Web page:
summertime_risks

When the warm weather sets in, you may notice a change around the office. Your employees may be more eager to take advantage of the nice weather. You may even see a spring in your own step. But while the sunny skies are a perfect excuse for fun and team-building events, be careful. Some summertime activities can lead to these four real risks for your small business.

  1. Worker Injuries

Sunny days mean your employees are more likely to go outside and enjoy the weather. Unfortunately, eating lunch outside or joining the company softball league increases their chance of getting hurt. That’s a concern for you as an employer for a couple of reasons:

  • Employee injuries can mean missed workdays and lost productivity.
  • You can be liable for some worker injuries.

Let’s say you decide to host the company picnic during work hours, and an employee gets hurt. Typically, you may not be responsible for an employee’s injury that happens at an event where participation is voluntary. However, a court may find you liable if workers had to choose between attending the event and losing out on pay.

You can avoid this problem by:

  • Making it clear that participation is optional.
  • Hosting events outside of normal working hours.
  • Allowing employees to sit out of the event without penalty.

As a failsafe, it’s smart to have workers’ compensation insurance (your state may even require it). This policy helps cover an injured employee’s medical expenses and lost wages. See how to keep your premium down in “5 Ways Small-Business Owners Can Lower What They Pay for Workers’ Compensation Insurance.”

  1. Liquor Liability

Hosting happy hour at the office or serving booze at the company picnic can put your business at risk, too. State liquor laws sometimes make the employer liable for an inebriated employee’s actions. But you may mitigate some of your liability by making it clear that participation isn’t mandatory.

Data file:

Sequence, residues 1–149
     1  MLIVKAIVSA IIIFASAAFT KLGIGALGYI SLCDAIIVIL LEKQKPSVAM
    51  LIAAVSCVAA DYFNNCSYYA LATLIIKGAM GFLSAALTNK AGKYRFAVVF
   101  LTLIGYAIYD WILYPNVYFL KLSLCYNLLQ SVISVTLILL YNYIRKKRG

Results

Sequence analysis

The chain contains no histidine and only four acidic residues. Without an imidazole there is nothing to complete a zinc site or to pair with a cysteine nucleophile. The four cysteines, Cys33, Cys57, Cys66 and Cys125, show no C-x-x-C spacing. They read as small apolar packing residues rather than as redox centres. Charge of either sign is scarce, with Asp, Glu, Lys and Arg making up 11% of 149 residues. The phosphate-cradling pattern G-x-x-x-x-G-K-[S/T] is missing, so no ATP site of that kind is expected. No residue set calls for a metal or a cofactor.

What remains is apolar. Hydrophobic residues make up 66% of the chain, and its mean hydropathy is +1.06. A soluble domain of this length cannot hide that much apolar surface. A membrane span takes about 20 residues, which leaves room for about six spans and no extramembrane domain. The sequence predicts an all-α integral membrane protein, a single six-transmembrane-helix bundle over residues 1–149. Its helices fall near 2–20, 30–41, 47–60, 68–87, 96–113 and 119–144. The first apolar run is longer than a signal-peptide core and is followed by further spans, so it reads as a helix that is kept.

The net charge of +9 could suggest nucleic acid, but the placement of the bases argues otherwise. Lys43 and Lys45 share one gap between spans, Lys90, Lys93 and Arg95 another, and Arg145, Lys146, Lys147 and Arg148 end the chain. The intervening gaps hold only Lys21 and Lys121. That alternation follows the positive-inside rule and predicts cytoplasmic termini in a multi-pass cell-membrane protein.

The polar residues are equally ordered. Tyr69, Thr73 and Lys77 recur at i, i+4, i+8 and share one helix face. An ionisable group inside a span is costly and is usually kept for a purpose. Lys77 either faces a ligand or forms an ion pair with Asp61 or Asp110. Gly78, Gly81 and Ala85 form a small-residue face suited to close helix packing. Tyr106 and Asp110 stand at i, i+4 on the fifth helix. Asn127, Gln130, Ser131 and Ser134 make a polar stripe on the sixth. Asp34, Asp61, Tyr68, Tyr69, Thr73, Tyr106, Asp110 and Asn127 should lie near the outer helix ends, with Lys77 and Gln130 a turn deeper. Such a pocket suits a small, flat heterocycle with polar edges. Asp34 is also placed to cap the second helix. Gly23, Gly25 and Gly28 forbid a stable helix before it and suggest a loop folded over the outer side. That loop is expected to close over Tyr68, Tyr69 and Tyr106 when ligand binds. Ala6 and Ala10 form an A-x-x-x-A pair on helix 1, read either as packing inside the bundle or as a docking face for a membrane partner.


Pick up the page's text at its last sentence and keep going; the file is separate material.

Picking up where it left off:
You can also encourage your employees to drink responsibly by:

  • Limiting the amount of available alcohol.
  • Offering cab or ride-share vouchers.
  • Serving heavy appetizers.
  • Asking employees to behave responsibly.
  • Moving the event offsite.

Your general liability insurance may include liquor liability coverage, which may pay for legal expenses if you’re held responsible for damage an overserved employee causes. If yours doesn’t, talk to your insurance agent about adding it to your policy.

  1. Seasonal Hires

When your employees go on vacation during the summer, you may want some temporary help to fill work gaps. Or perhaps your business sees an uptick in sales during the summer. Either way, seasonal employees can help pick up the slack.

However, there’s always some risk involved with bringing in new people, even if they’re only around for a few months. For instance, you want to make sure you…

  • Find and train quality employees. Cast a wide net to get a good pool of candidates. The suggestions in “5 Tips for Finding Seasonal Workers” from Monster.com can help. Once you bring a new employee in, train them in workplace safety to reduce the chance of occupational injuries.
  • Meet your legal obligations. According to the IRS, you’re required to pay employment taxes on part-time and seasonal employees. You might also want to look into your healthcare responsibilities. The financial blog The Balance notes you may have to provide healthcare for seasonal employees to comply with the Patient Protection and Affordable Care Act (ACA).
  • Get workers’ compensation insurance. Hiring staff usually requires more workers’ comp coverage. Depending on your industry and state laws, you may need to cover part-time employees.

Bonus tip: Thinking you can save yourself some money and just hire an intern? Think twice. The US Department of Labor lists six criterion you must meet before you can forgo payment.

  1. Reduced Productivity

Keeping employees engaged can be difficult during the summer. In fact, with all the vacations and parties, you may have a hard time being productive, too.

Lost productivity is a problem for small businesses, but you can combat it by:

  • Setting and tracking goals. Targets can keep you moving forward, but tracking them keeps you accountable. Spend the early summer establishing objectives with your employees.
  • Planning ahead. Carve out a block of time for your routine tasks and stick to it.
  • Offering flextime. You and your employees have lives outside of work. Let them enjoy it by creating schedules that help them achieve a work-life balance. The chance to recharge can do wonders for productivity.
  • Taking breaks. All work and no play is really just a recipe for burnout.

About the Author

Virginia Hamill is a content writer for Insureon, an online small business insurance agency. She lives in Chicago, Illinois, with her pug Bogey.

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